Lebrikizumab Effective in Patients with Moderate-to-Severe Atopic Dermatitis

August 16, 2021
Armand Butera

Armand Butera is the assistant editor for HCPLive. He attended Fairleigh Dickinson University and graduated with a degree in communications with a concentration in journalism. Prior to graduating, Armand worked as the editor-in-chief of his college newspaper and a radio host for WFDU. He went on to work as a copywriter, freelancer, and human resources assistant before joining HCPLive. In his spare time, he enjoys reading, writing, traveling with his companion and spinning vinyl records. Email him at abutera@mjhlifesciences.com.

Recent data from phase 3 clinical trials of the antibody shows significant skin clearance and itch in people with atopic dermatitis.

Novel monoclonal antibody lebrikizumab showed significant improvements in over half the patient population with moderate-to-severe atopic dermatitis in Eli Lilly and Company’s ADvocate 1 and ADvocate 2 phase 3 clinical trials.

Over half the patient population had at least 75% skin clearance.

The antibody, which binds soluble IL-13 with high affinity, was considered to have high bioavailability, a long half-life, and the ability to block IL-13 signaling.

Due to the recent trial data, the US Food and Drug Administration (FDA) granted Fast Track designation to lebrikizumab for moderate-to-severe AD in adult and adolescent patients aged 12 to <18 years of age and weighing at least 40 kg.

ADvocate 1 and ADvocate 2 are ongoing 52-week randomized, double-blind, placebo-controlled, parallel-group, phase 3 studies designed to evaluate lebrikizumab as monotherapy in adult and adolescent patients (aged 12 to less than 18 years of age and weighing at least 40 kg) with moderate-to-severe AD.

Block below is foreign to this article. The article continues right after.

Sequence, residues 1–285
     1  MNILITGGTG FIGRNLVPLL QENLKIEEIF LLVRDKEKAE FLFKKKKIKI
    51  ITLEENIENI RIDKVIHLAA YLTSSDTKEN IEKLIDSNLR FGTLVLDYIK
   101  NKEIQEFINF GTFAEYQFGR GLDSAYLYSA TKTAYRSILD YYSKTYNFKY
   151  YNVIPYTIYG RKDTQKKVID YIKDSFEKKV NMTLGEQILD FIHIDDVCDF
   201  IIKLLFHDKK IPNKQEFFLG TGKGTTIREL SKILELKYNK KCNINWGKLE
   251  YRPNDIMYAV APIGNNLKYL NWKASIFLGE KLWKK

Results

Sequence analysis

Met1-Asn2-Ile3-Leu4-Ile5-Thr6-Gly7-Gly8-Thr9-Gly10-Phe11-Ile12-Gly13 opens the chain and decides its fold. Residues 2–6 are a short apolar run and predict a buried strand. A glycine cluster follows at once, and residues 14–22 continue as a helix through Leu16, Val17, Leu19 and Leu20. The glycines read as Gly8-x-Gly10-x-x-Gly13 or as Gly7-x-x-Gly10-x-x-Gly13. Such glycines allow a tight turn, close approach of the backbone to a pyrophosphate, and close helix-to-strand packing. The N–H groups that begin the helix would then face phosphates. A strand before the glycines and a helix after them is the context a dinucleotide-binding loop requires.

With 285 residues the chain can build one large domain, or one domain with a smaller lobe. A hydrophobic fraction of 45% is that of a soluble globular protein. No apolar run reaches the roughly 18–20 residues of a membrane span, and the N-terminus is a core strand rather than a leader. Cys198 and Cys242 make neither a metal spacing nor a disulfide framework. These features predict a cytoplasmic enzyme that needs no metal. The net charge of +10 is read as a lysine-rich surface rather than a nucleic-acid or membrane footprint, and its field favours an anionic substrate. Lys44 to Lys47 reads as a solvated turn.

The primary efficacy endpoints were assessed at 16 weeks in the 2 ongoing studies and were measured by an Investigator Global Assessment (IGA) score of clear (0) or almost clear (1) skin with a reduction of at least 2 points from baseline at Week 16 and at least a 75% or greater change from baseline in their Eczema Area and Severity Index (EASI) score at Week 16.

Key secondary endpoints were also achieved versus placebo in patients with AD, including early onset in skin clearance and itch relief, improvement in interference of itch on sleep and quality of life.

Adverse events were consistent with that of the previous phase 2 lebrikizumab study in AD, with the most common AEs including conjunctivitis, nasopharyngitis and headache for lebrikizumab-treated patients. Discontinuations due to AEs were similar in the lebrikizumab group (1.4%) compared to placebo (1.7%).

"We understand the needs of people in the AD community worldwide and are aware that many are still in need of new treatment options despite available medicines," said Lotus Mallbris, MD, PhD, vice president of immunology development at Lilly.

"Lebrikizumab is a specific inhibitor of IL-13 that offers robust binding affinity and high bioavailability," Mallbris said. "Today's results show that the inhibition of IL-13 cytokine plays a main role in AD treatment, as demonstrated by more than half of the patients achieving at least 75% clearance to total clearance on lebrikizumab monotherapy."


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